Kobe, Japan – Sumitomo Rubber Industries, Ltd (SRI) has been given access to what has been described as “the world’s most powerful computer” in order to develop tire materials for future mobility.
SRI will be using the new ‘exascale’ Fugaku supercomputer to expand its materials simulation capabilities at the smallest particle level, to support the development of “long-lasting” tires, the Japanese tire maker announced 18 May.
Sumitomo Rubber previously used Japan’s K-supercomputer to launch its 4D nano design process, which it says highly improved the performance of Falken’s tire range.
The new computer, according to SRI, has “up to 100 times the application performance of its predecessor, and is capable of performing approximately 442 quadrillion calculations per second.”
For SRI, one key application of Fugaku will be to advance tire performance sustaining technology (PST).
PST prevents the decline in tire performance that occurs over time due to wear and tear, allowing tires to maintain 'like-new performance' for longer.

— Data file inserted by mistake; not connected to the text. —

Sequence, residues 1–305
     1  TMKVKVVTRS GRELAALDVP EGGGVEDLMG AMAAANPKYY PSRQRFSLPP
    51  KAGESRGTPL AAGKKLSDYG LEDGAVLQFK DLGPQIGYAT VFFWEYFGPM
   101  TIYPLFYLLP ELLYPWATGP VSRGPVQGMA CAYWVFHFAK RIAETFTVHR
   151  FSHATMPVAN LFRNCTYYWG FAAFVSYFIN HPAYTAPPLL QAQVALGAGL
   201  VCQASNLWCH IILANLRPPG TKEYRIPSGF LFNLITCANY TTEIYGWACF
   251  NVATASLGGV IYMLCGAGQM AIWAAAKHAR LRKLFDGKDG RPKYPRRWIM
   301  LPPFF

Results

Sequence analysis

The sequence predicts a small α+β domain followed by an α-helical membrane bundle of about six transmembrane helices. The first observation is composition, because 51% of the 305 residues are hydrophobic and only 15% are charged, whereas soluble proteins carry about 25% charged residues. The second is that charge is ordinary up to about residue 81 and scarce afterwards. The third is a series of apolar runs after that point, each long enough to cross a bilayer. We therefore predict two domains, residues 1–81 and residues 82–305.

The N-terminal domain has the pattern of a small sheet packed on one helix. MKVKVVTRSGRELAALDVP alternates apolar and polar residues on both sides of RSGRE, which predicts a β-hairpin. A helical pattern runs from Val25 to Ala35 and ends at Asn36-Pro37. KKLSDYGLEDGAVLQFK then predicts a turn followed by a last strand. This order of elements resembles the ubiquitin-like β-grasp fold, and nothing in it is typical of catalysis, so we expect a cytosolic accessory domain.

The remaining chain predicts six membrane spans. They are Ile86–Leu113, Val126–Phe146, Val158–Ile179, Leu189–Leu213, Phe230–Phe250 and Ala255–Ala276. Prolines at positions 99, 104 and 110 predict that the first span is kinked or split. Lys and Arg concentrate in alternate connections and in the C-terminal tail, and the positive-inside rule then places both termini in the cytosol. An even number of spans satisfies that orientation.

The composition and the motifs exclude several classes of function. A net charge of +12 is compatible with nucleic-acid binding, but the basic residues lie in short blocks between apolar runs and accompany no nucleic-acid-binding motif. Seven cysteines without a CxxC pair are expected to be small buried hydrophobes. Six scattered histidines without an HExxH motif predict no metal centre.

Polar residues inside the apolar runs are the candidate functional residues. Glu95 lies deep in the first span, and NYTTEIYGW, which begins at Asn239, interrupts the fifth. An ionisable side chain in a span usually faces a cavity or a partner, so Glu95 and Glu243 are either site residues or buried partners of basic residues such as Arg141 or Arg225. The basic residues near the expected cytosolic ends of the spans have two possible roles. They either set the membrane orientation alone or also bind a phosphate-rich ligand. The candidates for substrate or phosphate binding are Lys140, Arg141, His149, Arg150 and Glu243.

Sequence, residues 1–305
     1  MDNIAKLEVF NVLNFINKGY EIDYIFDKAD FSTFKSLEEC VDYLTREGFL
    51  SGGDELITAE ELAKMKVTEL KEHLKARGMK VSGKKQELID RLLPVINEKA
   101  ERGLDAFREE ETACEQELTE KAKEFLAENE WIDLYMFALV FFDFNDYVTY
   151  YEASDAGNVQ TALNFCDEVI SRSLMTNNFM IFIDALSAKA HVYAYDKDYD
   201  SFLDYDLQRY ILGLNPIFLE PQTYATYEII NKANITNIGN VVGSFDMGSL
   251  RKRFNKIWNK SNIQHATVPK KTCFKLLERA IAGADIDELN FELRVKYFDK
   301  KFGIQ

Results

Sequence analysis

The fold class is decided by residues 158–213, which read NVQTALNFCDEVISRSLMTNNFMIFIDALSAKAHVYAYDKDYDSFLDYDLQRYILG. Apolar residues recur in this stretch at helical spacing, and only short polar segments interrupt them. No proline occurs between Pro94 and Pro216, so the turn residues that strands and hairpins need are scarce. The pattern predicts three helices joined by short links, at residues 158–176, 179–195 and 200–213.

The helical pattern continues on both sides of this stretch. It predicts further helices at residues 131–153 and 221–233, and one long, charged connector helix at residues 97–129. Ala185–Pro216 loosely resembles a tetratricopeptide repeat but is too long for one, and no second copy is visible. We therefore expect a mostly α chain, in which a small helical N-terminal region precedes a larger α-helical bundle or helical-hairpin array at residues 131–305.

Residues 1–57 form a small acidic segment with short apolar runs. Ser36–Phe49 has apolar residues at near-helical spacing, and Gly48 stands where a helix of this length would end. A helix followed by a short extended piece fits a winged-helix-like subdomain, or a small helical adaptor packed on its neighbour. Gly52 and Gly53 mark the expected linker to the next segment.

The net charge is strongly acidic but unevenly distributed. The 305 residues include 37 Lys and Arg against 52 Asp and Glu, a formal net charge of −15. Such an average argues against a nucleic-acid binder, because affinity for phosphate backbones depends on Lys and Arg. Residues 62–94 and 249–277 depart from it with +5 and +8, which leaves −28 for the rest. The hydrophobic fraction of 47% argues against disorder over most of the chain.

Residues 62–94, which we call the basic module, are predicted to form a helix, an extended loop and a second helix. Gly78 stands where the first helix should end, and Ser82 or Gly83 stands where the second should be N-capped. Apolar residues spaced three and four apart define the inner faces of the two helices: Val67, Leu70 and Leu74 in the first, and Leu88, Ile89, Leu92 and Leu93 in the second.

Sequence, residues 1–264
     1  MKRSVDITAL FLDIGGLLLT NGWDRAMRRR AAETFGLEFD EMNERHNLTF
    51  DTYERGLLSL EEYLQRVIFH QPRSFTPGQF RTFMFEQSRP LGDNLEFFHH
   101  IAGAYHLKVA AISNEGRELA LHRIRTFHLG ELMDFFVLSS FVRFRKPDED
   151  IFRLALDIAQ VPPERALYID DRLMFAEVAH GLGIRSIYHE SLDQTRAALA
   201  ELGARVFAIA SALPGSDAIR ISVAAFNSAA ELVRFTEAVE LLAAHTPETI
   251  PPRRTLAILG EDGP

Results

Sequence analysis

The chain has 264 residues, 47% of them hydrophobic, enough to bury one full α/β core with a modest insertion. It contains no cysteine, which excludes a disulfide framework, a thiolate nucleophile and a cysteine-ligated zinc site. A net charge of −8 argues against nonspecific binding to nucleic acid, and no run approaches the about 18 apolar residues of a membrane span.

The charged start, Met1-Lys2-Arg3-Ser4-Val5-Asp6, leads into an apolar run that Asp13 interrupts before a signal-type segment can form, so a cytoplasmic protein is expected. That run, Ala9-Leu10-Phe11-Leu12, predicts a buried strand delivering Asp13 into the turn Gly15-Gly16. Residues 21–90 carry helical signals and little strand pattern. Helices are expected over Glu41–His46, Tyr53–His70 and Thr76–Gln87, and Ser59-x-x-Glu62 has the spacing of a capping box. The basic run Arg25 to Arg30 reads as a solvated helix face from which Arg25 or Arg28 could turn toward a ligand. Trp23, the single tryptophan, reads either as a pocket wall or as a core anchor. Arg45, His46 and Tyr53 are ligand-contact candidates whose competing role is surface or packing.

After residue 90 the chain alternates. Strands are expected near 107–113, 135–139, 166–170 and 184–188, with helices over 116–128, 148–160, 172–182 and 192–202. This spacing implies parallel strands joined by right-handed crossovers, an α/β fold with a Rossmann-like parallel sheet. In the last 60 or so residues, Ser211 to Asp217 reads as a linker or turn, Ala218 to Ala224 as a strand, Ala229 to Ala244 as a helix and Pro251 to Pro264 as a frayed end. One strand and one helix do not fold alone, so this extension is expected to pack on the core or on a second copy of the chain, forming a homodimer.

The supercomputer will help accurately simulate the molecular behaviour of rubber during tire usage, so that chemical changes in the tire can be controlled.
“As we look to the near future, the role of tires will change,” said Dr Bernd Löwenhaupt, managing director, Sumitomo Rubber Europe.
Tires, he went on to say, will need a longer lifespan to support the new autonomous and connected mobility trends.
“Fugaku provides a crucial tool for us to deliver those attributes and continue to be a leader in advanced rubber technology,” he concluded.
Fugaku has 158,976 central processing units (CPU) and its performance surpasses the combined performance of the next four supercomputers on the top 500 list, according to SRI.
Previously used for scientific research, including examining the effect of masks on the spread of Covid, the computer has been made available to SRI since March.